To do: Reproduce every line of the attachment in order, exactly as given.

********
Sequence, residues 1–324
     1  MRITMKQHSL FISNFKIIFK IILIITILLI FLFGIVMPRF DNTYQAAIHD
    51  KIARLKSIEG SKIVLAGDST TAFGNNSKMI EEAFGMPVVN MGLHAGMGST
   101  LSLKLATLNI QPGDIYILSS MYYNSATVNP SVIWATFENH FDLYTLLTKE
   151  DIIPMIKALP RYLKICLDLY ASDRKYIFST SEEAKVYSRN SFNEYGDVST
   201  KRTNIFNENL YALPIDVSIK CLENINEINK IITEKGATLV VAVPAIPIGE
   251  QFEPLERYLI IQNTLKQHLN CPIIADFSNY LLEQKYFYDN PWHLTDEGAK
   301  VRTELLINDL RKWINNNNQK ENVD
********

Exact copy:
Sequence, residues 1–324
     1  MRITMKQHSL FISNFKIIFK IILIITILLI FLFGIVMPRF DNTYQAAIHD
    51  KIARLKSIEG SKIVLAGDST TAFGNNSKMI EEAFGMPVVN MGLHAGMGST
   101  LSLKLATLNI QPGDIYILSS MYYNSATVNP SVIWATFENH FDLYTLLTKE
   151  DIIPMIKALP RYLKICLDLY ASDRKYIFST SEEAKVYSRN SFNEYGDVST
   201  KRTNIFNENL YALPIDVSIK CLENINEINK IITEKGATLV VAVPAIPIGE
   251  QFEPLERYLI IQNTLKQHLN CPIIADFSNY LLEQKYFYDN PWHLTDEGAK
   301  VRTELLINDL RKWINNNNQK ENVD